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Gov.-elect Kasich charges venture capitalist with renewing Ohio job market

Gov.-elect John Kasich visited Ohio State’s campus Friday to announce the appointment of Mark Kvamme as the director of the Ohio Department of Development.Kvamme, a longtime friend of Kasich, will make only $1 for the job.

At a press conference at the Fisher College of Business, Kasich said that Kvamme, a venture capitalist from California, is the “greatest entrepreneur you can find,” so it was fitting that his involvement with the Ohio job market was announced to a class at the Center for Entrepreneurship.

Kvamme has been charged with analyzing the Ohio Department of Development and facilitating a transition to JobsOhio, a private non-profit corporation that will replace the department. During his six months of full-time work in Ohio, Kvamme will oversee this transition and hire someone as CEO. After that he will advise on a telecommuting basis.

His job will be to “assess what works and what doesn’t work (in the department) and how they can improve with the purpose for creating jobs,” Kasich said. “And to make sure that Ohio is going to answer to be creative and imaginative.”

Currently, about one-third of university graduates leave the state of Ohio within three years of graduation. Similarly, many businesses in Ohio, even those who are recipients of Third Frontier money from the government, relocate elsewhere, a problem that Kasich says must be fixed.

The Ohio Third Frontier program is an initiative started in 2002 to give state funding to companies that promote technology-based economic growth through research and development. Its purpose is to bring Ohio up to a competitive level in the development field.

“I get so mad at companies who high-tail it out of here with the public’s money,” Kasich said. “That’s our money.”

Kvamme admittedly knows little about the state of Ohio but believes the potential of the state is “unbelievable.”

He also said that the future of Ohio is in the universities.

“The average age of the people we fund at Sequoia is 24 to 25. Why?” Kvamme said. “Because they know where the future is.”

During a question-and-answer session with the students in attendance, Kvamme said that he is going to be focused on bringing passion and innovation back into Ohio.

“I’ve seen innovation in real time and you have the resources and the people to do it,” he said.

Among those resources are the universities and university-sponsored programs that exist for research in the state. Kvamme said he believes research should be done at the university level and that the private sector should focus on development.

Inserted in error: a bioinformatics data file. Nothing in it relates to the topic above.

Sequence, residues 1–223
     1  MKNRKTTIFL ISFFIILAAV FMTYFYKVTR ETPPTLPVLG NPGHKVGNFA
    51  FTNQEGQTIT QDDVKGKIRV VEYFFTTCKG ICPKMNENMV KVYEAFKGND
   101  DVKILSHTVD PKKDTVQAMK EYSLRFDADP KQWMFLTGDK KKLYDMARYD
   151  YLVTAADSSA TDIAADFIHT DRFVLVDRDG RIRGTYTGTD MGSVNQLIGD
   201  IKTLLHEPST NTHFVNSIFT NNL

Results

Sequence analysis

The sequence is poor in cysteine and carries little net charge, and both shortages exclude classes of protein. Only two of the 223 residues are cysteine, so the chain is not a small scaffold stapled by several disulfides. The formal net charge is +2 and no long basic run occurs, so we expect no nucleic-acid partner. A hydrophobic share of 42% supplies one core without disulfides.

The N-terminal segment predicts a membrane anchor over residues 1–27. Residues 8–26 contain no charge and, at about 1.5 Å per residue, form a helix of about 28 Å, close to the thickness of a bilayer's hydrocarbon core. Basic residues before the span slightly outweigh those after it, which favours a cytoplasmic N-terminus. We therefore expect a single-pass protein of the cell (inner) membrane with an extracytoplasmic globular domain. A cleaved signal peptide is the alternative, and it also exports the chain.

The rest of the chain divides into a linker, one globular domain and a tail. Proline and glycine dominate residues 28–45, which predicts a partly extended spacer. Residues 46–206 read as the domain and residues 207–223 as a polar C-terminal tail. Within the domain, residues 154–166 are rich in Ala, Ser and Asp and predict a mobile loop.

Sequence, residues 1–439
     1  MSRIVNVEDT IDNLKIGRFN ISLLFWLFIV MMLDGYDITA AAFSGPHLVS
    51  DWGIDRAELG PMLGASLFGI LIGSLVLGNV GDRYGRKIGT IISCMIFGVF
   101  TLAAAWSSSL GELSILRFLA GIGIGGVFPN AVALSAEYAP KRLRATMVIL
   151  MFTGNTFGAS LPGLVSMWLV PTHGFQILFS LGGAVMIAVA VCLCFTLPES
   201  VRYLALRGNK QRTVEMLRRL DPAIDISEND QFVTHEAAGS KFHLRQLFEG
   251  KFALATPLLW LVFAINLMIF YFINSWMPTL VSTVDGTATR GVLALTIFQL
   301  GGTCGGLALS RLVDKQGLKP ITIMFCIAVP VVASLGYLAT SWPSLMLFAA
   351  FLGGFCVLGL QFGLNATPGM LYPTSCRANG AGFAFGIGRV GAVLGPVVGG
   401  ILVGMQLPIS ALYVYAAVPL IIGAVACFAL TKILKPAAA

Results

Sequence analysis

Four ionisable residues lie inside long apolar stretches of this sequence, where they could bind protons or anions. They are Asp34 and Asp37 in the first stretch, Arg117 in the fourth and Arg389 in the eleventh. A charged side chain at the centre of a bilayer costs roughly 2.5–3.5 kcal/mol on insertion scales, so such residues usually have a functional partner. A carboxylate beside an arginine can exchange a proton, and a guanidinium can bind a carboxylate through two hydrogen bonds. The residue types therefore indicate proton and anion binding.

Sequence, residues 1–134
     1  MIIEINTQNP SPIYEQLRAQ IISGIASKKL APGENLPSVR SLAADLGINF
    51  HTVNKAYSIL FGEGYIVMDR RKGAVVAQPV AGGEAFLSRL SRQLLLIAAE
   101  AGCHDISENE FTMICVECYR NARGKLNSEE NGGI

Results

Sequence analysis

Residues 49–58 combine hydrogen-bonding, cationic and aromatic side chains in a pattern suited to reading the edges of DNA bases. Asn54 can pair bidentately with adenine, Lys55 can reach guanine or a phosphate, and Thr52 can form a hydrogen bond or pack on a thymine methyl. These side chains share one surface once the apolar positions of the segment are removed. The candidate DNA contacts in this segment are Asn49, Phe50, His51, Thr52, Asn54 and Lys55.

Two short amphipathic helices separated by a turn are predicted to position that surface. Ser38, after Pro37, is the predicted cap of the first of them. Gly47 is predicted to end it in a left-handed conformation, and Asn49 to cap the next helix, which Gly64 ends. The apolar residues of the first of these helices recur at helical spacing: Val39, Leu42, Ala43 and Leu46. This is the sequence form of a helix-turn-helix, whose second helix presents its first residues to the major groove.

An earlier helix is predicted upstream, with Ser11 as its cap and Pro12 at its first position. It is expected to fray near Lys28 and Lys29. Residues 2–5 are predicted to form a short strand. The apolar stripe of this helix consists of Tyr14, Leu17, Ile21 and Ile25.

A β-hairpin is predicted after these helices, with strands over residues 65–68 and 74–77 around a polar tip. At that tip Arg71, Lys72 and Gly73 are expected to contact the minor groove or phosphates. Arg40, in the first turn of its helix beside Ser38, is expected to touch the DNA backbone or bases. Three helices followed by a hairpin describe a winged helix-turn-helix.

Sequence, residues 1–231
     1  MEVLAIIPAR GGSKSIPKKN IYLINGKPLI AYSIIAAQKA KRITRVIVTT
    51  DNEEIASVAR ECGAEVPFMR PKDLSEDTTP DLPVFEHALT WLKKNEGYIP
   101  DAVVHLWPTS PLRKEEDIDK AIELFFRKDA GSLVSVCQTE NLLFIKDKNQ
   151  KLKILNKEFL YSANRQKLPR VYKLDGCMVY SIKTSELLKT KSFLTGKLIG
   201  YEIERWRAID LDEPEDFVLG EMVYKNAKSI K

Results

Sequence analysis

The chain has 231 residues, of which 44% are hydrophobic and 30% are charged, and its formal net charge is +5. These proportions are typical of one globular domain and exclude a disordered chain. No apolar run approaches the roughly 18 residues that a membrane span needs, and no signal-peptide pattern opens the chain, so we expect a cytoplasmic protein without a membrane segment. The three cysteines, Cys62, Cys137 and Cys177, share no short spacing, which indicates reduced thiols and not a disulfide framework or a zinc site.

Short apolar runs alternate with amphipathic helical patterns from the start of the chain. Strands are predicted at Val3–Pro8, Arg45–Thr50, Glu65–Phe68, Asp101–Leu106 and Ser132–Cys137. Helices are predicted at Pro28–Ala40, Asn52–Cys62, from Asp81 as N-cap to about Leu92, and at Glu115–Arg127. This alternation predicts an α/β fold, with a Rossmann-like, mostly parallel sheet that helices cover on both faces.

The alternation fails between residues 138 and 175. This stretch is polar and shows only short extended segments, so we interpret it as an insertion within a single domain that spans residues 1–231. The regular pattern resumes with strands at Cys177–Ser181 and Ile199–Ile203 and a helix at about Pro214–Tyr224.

By nurturing a relationship between research and development, Kvamme said he believes Kasich and others can make Ohio a state where entrepreneurs and developers want to stay.

“They won’t need to go to Silicon Valley, we won’t be able to convince them to come to Silicon Valley,” he said.

Kvamme will be taking a six-month leave from his partnership at Sequoia Capital, a private equity and venture capital firm located in California, where he lives with his wife and daughter. They have three children who have either graduated from or are attending college.

He said his decision to temporarily relocate to Ohio came out of a life goal to “help a million people,” his trust in Kasich and his belief that “nothing is better than finding people passionate about their jobs.”

Among Kvamme’s list of successes is the company Apple, which Kvamme was involved with before it went public, according to Kasich. Kvamme is also identified with YouTube, PayPal, Google, Cisco Systems and Oracle.

Kvamme specializes in media and advertising services investments. He received his bachelor’s degree from the University of California at Berkeley where he studied French economics and literature.

Though the transition period from the department to JobsOhio is scheduled to take about six months, the process to making Ohio once again the center for innovation and the heartland of the country will take some time, Kasich said.

Kvamme “isn’t Santa Claus. We are going to have to make some tough assessments.”

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